Wed | Jan 26, 2022

Chuck Fenda’s ‘coloured’ Mother’s Day reflection

Published:Sunday | May 9, 2021 | 12:20 AMYasmine Peru - Sunday Gleaner Writer

Despite not being close with his own mother, Chuck Fenda said he still loves her and that his children hope they will get the opportunity to meet her one day.
Despite not being close with his own mother, Chuck Fenda said he still loves her and that his children hope they will get the opportunity to meet her one day.

In a perfect world, populated by perfect beings, every child has a mother who must be celebrated on Mother’s Day. But the opposite is sometimes the unpalatable reality.

Dancehall artiste Chuck Fenda, born Leshorn Whitehead, has slowly been sharing his truth with the media as it relates to his own mother, who he said was not a part of his life for a very long stretch of his 48 years. At six weeks old, he said he was brought from New York to his grandmother in Jamaica and never had a bond with his mother, seeing her on two occasions which he barely remembers.

However, hope eternal seemed to have been shining for the Eternal Fire artiste recently when he said that the dialogue between him and his mother, who lives overseas, was increasing. He was looking forward to uniting with his parent.

“But I am going to leave her alone,” he told The Sunday Gleaner even as he was making plans to take out four of his children who live with him for ice cream on Mother’s Day and ensure that it is special for them.

“I did an interview on television the other day, and the producer called her beforehand to make arrangements so we could talk on the programme, and what she said, the host didn’t even want to repeat it. She took me to the producer and said, ‘Tell Chuck Fenda what his mother said’. The producer said it and when I hear is like everything inside me just dry up,” he shared.

Taking a deep breath, he recounted being the victim of racism while attending high school in the States, having migrated when he was in grade nine at Jonathan Grant High, and how police would stop him because he lived in a predominantly white neighbourhood. “Then when I started travelling as an artiste to places like Europe, there it was again, racism. Even on the plane, the flight attendants would constantly be checking my ticket because they didn’t think I was in the right seat, all because I travelled first-class. So, those words that the producer told me cut deep,” he said without much emotion.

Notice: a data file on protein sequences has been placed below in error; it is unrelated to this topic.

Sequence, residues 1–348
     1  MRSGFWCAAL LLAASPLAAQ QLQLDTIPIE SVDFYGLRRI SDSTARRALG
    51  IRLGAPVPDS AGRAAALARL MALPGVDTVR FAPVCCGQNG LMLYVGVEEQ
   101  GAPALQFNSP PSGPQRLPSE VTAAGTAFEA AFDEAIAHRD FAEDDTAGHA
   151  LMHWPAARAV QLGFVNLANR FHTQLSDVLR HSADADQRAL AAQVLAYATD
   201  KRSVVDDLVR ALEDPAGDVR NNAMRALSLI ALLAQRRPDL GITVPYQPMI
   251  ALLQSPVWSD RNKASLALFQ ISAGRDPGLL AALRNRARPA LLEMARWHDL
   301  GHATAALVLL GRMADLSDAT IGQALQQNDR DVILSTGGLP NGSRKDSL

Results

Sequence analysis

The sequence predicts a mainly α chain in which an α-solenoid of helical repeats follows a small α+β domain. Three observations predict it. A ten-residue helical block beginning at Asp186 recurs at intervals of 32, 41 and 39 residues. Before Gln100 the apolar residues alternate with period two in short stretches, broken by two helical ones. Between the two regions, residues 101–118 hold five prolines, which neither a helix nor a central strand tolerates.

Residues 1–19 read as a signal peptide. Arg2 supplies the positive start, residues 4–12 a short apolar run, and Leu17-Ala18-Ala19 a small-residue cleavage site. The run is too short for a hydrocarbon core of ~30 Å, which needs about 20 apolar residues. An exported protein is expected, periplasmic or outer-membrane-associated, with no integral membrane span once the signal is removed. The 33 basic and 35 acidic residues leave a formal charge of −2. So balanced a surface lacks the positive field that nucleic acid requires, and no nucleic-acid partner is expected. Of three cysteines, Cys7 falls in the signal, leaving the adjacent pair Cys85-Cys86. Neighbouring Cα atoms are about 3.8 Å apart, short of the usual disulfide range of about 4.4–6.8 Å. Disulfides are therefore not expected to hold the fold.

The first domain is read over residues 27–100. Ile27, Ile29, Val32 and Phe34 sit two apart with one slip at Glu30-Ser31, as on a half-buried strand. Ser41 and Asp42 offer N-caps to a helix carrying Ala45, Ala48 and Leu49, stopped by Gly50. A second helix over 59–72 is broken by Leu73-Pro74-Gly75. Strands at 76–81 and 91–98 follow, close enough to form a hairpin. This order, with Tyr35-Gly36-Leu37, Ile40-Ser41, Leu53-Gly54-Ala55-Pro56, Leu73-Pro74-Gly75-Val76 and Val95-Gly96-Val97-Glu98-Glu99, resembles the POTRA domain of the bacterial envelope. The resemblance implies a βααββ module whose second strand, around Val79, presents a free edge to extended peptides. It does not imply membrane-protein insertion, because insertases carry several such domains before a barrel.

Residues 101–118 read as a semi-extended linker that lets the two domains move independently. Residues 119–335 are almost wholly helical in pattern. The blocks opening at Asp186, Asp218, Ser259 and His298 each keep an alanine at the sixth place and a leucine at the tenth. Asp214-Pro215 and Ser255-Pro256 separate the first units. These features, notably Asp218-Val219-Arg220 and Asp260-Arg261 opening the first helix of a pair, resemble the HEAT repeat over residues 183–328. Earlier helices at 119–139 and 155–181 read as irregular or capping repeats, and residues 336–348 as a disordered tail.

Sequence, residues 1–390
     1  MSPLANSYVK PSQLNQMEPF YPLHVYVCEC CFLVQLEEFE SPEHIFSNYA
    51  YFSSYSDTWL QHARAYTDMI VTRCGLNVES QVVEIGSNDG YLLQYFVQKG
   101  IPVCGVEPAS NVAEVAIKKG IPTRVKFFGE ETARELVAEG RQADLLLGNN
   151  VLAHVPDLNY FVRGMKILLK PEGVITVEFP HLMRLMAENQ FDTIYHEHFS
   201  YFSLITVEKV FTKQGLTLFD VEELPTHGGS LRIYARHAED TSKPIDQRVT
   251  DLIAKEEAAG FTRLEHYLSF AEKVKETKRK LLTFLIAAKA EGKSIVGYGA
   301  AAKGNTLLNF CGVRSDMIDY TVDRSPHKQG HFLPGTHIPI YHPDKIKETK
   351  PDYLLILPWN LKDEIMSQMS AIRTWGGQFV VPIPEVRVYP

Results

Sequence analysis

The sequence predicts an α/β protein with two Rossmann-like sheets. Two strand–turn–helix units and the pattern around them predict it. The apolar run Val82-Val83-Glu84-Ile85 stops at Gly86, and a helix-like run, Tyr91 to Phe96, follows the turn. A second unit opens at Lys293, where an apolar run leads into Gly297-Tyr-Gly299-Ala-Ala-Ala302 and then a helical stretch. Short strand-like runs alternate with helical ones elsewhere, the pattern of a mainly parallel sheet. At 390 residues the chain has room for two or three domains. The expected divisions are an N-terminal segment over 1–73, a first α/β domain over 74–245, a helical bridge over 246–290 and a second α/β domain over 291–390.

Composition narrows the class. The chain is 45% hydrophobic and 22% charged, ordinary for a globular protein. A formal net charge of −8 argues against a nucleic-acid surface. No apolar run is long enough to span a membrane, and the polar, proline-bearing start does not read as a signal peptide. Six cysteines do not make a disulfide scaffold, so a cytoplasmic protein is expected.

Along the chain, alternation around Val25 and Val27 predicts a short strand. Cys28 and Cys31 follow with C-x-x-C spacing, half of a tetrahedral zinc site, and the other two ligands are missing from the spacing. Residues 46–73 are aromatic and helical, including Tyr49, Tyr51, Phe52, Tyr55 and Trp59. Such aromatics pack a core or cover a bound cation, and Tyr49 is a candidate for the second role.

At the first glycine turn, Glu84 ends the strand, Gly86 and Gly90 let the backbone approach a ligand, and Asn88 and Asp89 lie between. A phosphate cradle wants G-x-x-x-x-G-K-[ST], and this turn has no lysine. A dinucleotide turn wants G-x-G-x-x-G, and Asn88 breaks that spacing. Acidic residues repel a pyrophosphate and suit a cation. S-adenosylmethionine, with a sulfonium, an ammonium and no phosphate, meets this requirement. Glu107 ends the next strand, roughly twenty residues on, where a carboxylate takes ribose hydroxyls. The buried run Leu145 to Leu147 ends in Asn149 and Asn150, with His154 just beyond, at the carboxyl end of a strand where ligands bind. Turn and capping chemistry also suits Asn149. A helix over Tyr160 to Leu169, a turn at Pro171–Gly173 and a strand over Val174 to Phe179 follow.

Fenda, who is dark-skinned, is from a family who is “high colour” in Jamaican parlance, and he now feels that if he were of a different hue, he would probably have stood a better chance. “I am the darkest one in my family, and I remember one of my relatives saying that my grandfather didn’t really like black people and my mother maybe got that from him, so she is not to be blamed. But I’m her son, and it really shake mi heavens. I still love my mother, and despite everything, my children would love to meet their grandmother one day,” he said.


Chuck Fenda said he reveres all mothers, including his own and that on Mother’s Day, he is sending good vibrations to his aunts Cherry and Bev and all who played a nurturing role in his upbringing, as well as “all the good mothers out there who care for their kids”.

“Mothers must be loved, cherished and protected and not having [a] mother in my life, and knowing that she is around, really affected me mentally. Talking about it now gives me a sense of relief. I see in the music business artistes like Shabba and Bounty Killer always ‘bigging up’ their mothers, and I couldn’t do that. I never got to hug her, talk to her about my plans and my successes or failures, or anything important, or even run jokes. But I make sure to do ‘Mama’ songs same way,” Chuck Fenda added.

His 2009 album, Better Days, pays tribute to mothers with a song simply titled Mama, while on his 2016 album Concrete Jungle, Chuck Fenda sings about Mama Love.

He mentioned that he has a brother who is close to his mother and who would want to see the situation resolved, but Fenda doesn’t seem to be holding out much hope. Instead, he is thankful that Rastafari and the spirituality he found therein saved him.

“Right now, I feel so blessed. Rasta showed me humility and righteousness. I still have a lot to learn cause me nuh perfect, and there is also more healing to tek place. But I am thankful for this opportunity to shine again musically. I connect back with the Creator, and all the negative people that used to be around me have disappeared, and I am praying harder than I have prayed before because I am focused on doing the best I can for my own kids,” the father of 11 said.